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He again defined the identity of his side as a ‘dominant’ one. He will allow freedom in terms of positions to ensure that Rangers create, and convert, chances but there must be a structure that underpins it all. Rangers have to be relentless but not reckless.

When asked about what he had learned during his first days at the club, he stated that they were not for the ‘eyes or ears’ of the assembled Press pack. He acknowledged, though, that he had seen ‘a lot of things that we can make better’ alongside the positives that he had picked out.

“It's not [that I want them] to be risky and do stupid things, that's not what I want,” Clement said when asked if Rangers had been playing within themselves so far this season. “To give s*** lateral passes in our own half. It's not that, it's about being brave, playing forward, not thinking we'll keep the ball and I don't take a risk now, I don't lose the ball so nobody will boo at me.

“It's about giving the ball forward, making runs without the ball without being afraid that if I make this run I won't make it back in time. To do that we need to create first a structure for the team. We've made the first steps in that way, if we want to attack in a certain way what are the positions of everybody at the moment? We can develop this week by week.”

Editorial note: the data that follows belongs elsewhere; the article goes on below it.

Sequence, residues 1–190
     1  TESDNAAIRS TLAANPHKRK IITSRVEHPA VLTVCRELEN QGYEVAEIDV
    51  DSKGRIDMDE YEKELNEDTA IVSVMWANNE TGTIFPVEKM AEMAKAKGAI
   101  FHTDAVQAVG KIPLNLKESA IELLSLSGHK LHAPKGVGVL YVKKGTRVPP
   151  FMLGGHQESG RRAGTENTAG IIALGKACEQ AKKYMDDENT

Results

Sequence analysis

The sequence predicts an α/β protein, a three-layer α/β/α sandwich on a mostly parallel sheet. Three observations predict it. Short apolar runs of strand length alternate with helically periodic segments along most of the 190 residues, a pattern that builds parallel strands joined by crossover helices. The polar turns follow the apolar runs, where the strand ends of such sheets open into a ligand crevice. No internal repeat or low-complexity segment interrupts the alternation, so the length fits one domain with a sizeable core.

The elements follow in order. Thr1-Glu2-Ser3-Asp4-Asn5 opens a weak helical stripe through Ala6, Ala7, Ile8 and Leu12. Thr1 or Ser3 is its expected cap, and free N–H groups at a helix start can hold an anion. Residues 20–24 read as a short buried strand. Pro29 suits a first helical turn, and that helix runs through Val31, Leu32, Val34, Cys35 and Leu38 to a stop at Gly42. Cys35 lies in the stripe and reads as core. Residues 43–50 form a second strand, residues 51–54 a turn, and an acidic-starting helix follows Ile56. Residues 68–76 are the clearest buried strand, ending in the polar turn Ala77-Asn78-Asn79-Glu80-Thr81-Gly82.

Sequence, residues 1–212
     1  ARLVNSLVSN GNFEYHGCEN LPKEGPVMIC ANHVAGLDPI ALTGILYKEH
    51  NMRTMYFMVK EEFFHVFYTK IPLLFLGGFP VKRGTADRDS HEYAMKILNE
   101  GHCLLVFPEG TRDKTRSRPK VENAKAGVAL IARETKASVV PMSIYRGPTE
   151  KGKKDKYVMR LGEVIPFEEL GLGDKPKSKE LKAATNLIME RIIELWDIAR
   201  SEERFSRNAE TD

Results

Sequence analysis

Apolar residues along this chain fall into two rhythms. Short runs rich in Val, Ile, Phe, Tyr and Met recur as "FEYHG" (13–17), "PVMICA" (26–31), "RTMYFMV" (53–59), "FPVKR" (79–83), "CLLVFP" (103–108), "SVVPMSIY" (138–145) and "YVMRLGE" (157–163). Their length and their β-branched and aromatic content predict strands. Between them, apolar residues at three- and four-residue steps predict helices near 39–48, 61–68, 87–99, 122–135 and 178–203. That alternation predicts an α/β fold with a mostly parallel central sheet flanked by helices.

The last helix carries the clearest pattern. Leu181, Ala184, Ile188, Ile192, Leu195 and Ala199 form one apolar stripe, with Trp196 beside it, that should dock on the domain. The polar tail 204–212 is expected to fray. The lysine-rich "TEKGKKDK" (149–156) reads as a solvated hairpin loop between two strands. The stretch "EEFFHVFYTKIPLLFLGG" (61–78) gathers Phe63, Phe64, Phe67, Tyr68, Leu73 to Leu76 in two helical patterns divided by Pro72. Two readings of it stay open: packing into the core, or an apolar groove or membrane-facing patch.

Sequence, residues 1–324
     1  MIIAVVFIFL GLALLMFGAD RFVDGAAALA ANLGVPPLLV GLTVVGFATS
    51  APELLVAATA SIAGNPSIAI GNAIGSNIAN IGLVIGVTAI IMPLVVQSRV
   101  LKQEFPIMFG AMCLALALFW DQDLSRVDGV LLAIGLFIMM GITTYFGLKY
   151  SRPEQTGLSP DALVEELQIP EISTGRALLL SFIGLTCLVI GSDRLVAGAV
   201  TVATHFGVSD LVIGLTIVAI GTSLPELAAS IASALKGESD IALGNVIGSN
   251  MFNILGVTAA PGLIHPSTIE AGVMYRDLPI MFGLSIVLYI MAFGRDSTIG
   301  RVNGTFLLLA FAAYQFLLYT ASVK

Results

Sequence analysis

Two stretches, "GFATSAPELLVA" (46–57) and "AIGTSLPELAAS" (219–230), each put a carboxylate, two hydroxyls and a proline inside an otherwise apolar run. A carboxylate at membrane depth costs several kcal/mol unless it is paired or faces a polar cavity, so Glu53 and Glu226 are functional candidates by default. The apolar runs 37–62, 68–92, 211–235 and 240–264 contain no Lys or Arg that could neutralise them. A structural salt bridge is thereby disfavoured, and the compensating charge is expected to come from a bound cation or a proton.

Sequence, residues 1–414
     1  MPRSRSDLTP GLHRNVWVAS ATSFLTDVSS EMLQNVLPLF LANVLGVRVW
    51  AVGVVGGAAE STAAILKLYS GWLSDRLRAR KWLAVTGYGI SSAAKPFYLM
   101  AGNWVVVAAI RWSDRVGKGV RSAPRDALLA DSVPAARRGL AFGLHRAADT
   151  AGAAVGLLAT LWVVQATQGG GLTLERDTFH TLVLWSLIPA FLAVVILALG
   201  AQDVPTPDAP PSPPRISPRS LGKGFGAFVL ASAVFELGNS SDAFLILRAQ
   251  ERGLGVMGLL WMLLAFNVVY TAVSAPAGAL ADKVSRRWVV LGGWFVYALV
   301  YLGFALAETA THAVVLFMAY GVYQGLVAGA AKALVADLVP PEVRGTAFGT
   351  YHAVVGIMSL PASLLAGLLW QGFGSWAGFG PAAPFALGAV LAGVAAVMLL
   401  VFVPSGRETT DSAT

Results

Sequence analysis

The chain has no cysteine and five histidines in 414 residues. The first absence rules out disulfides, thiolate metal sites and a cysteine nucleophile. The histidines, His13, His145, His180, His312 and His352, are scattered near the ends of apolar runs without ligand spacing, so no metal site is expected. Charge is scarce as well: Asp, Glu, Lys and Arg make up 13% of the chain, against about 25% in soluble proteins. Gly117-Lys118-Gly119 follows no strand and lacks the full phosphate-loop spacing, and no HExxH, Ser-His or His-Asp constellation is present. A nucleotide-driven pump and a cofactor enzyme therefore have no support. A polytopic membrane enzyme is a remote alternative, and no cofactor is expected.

The speed of those improvements will be defined by how quickly his players can adopt his mantra and take on board his messages. He will not do everything at once and ‘kill’ them, but the bar will be set by a boss – a ‘football addict’ - that is eager to create more of a bond between the players and the supporters.

That relationship is just one of the things that Clement must build at Ibrox. Before that, he has his pillars to put in place first and foremost.